On Tuesday, March 24, two North Bay counties approved temporary moratoriums on evictions due to lost wages and medical costs during the COVID-19 pandemic.
With the passage of the new laws, Sonoma and Marin counties have joined a growing number of local governments around the world temporarily delaying some evictions as the effects of the coronavirus ripple through the economy.
The counties’ new temporary bans come after Gov. Gavin Newsom signed an Executive Order that allows local governments to pass eviction bans and “requests” that banks stop foreclosure and resulting evictions tied to the COVID-19 crisis. Because Newsom’s order does not directly provide any additional tenant protections, local governments began scrambling to do so.
Some cities, including San Francisco, Sacramento, and San Diego, have already passed eviction moratoriums all with slightly different protections.
Neither moratorium relieves tenants of their duty to pay rent. Instead, rent payments are essentially delayed until the crisis is over for those who cannot pay during the COVID-19 crisis.
Both laws cover renters in the unincorporated counties and in cities.
Renters can still be evicted for some reasons not laid out in the new laws. For instance, if a renter stopped paying rent for a reason unrelated to the coronavirus or violated their lease in some other way, a landlord could still evict them.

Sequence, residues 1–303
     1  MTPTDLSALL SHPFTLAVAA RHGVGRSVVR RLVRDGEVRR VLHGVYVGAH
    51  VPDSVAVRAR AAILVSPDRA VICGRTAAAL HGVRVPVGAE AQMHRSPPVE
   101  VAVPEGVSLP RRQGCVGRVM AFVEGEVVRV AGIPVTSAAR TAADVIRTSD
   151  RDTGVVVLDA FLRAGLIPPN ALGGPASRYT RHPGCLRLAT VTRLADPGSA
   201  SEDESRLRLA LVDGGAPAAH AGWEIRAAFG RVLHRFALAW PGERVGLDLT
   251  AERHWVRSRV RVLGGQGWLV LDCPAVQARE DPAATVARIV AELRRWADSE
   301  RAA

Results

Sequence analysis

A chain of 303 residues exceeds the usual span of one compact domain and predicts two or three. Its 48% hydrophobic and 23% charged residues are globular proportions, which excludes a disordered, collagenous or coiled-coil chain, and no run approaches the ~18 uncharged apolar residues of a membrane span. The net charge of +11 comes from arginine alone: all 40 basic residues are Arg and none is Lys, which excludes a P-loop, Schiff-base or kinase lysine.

Despite their overall similarities, the ordinances do differ in a few ways.
Residential and Commercial
Marin County’s ban covers both residential and commercial renters throughout the county. Sonoma County’s ordinance only covers residential renters.
Marin County’s ban expires on May 31 and landlords will be allowed to seek unpaid rent immediately after the local declaration of emergency ends. The county has said they hope landlords and tenants will be able to agree on a payment plan for missed rent once the crisis is over.
As currently written, Sonoma County’s ordinance is in effect until two declarations of emergencies are lifted. After that, tenants will have 60 days to catch up on missed rental payments.
The Sonoma County supervisors will revisit the ordinance on June 2. At that point, they may amend the ordinance.
One of the mysteries of the current wave of eviction moratoriums is how tenants will be able to pay their rent once they return to work after the public health crisis has ended.
But, with federal and state lawmakers still discussing relief packages intended to grapple with the coronavirus, how much financial relief tenants, homeowners, and landlords will ultimately receive is unclear.
Renters, mortgage holders, and landlords will inevitably all take a hit for the time being, but tenants advocates argue that renters tend to be poorer and more vulnerable.
Throughout the state, many tenants are already rent-burdened, meaning they pay more than 30 percent of their income in rent. As a result, it is difficult to imagine how tenants will be able to catch up on missed payments within 60 days of the crisis, even if they return to work immediately after the county’s shelter-in-place order is lifted.
Workers who are not eligible to receive state or federal unemployment benefits during the crisis will find themselves in an even more difficult predicament.
Because of this, tenant advocacy groups at the local, state and federal levels are asking for rent and mortgage payments during the crisis to be forgiven or covered in economic-relief packages.